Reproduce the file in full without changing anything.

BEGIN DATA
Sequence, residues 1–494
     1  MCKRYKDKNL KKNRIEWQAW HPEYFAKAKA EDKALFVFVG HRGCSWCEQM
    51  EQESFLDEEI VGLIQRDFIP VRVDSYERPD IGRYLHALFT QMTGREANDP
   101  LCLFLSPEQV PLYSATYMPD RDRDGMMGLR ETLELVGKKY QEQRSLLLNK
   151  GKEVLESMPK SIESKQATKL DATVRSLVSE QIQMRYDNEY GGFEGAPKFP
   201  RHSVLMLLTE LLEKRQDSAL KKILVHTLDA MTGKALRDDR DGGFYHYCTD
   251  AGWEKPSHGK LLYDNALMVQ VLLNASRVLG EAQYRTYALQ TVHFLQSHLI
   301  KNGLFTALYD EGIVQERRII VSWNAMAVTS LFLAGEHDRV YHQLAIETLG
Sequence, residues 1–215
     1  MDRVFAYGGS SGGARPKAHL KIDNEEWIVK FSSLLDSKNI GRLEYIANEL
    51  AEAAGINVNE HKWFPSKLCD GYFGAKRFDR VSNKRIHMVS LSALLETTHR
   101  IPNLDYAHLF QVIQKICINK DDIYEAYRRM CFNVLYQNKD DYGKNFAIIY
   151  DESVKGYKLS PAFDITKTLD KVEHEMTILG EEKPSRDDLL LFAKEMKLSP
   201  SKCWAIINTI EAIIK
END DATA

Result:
Sequence, residues 1–494
     1  MCKRYKDKNL KKNRIEWQAW HPEYFAKAKA EDKALFVFVG HRGCSWCEQM
    51  EQESFLDEEI VGLIQRDFIP VRVDSYERPD IGRYLHALFT QMTGREANDP
   101  LCLFLSPEQV PLYSATYMPD RDRDGMMGLR ETLELVGKKY QEQRSLLLNK
   151  GKEVLESMPK SIESKQATKL DATVRSLVSE QIQMRYDNEY GGFEGAPKFP
   201  RHSVLMLLTE LLEKRQDSAL KKILVHTLDA MTGKALRDDR DGGFYHYCTD
   251  AGWEKPSHGK LLYDNALMVQ VLLNASRVLG EAQYRTYALQ TVHFLQSHLI
   301  KNGLFTALYD EGIVQERRII VSWNAMAVTS LFLAGEHDRV YHQLAIETLG
Sequence, residues 1–215
     1  MDRVFAYGGS SGGARPKAHL KIDNEEWIVK FSSLLDSKNI GRLEYIANEL
    51  AEAAGINVNE HKWFPSKLCD GYFGAKRFDR VSNKRIHMVS LSALLETTHR
   101  IPNLDYAHLF QVIQKICINK DDIYEAYRRM CFNVLYQNKD DYGKNFAIIY
   151  DESVKGYKLS PAFDITKTLD KVEHEMTILG EEKPSRDDLL LFAKEMKLSP
   201  SKCWAIINTI EAIIK